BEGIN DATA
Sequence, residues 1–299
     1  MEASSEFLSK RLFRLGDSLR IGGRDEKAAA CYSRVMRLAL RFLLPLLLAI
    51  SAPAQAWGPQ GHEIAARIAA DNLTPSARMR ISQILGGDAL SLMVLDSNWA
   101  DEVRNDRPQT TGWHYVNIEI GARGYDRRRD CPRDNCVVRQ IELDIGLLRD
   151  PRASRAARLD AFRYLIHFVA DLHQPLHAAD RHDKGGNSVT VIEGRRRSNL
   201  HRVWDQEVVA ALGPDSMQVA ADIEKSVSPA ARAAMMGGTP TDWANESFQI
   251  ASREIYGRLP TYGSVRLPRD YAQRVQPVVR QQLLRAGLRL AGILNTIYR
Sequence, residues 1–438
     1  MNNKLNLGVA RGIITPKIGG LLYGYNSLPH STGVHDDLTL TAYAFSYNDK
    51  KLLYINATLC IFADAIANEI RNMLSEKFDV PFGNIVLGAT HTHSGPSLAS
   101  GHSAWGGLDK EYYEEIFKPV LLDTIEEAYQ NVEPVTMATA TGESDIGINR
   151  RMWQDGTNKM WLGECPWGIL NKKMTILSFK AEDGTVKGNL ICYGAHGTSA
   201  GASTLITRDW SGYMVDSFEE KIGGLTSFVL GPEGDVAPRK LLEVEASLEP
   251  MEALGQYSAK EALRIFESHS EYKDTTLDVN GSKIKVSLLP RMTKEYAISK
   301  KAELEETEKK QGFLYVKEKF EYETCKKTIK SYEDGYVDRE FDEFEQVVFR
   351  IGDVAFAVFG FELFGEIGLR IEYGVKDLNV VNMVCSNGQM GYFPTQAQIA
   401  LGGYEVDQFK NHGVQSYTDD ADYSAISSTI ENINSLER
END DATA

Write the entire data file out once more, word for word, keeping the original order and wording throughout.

Sequence, residues 1–299
     1  MEASSEFLSK RLFRLGDSLR IGGRDEKAAA CYSRVMRLAL RFLLPLLLAI
    51  SAPAQAWGPQ GHEIAARIAA DNLTPSARMR ISQILGGDAL SLMVLDSNWA
   101  DEVRNDRPQT TGWHYVNIEI GARGYDRRRD CPRDNCVVRQ IELDIGLLRD
   151  PRASRAARLD AFRYLIHFVA DLHQPLHAAD RHDKGGNSVT VIEGRRRSNL
   201  HRVWDQEVVA ALGPDSMQVA ADIEKSVSPA ARAAMMGGTP TDWANESFQI
   251  ASREIYGRLP TYGSVRLPRD YAQRVQPVVR QQLLRAGLRL AGILNTIYR
Sequence, residues 1–438
     1  MNNKLNLGVA RGIITPKIGG LLYGYNSLPH STGVHDDLTL TAYAFSYNDK
    51  KLLYINATLC IFADAIANEI RNMLSEKFDV PFGNIVLGAT HTHSGPSLAS
   101  GHSAWGGLDK EYYEEIFKPV LLDTIEEAYQ NVEPVTMATA TGESDIGINR
   151  RMWQDGTNKM WLGECPWGIL NKKMTILSFK AEDGTVKGNL ICYGAHGTSA
   201  GASTLITRDW SGYMVDSFEE KIGGLTSFVL GPEGDVAPRK LLEVEASLEP
   251  MEALGQYSAK EALRIFESHS EYKDTTLDVN GSKIKVSLLP RMTKEYAISK
   301  KAELEETEKK QGFLYVKEKF EYETCKKTIK SYEDGYVDRE FDEFEQVVFR
   351  IGDVAFAVFG FELFGEIGLR IEYGVKDLNV VNMVCSNGQM GYFPTQAQIA
   401  LGGYEVDQFK NHGVQSYTDD ADYSAISSTI ENINSLER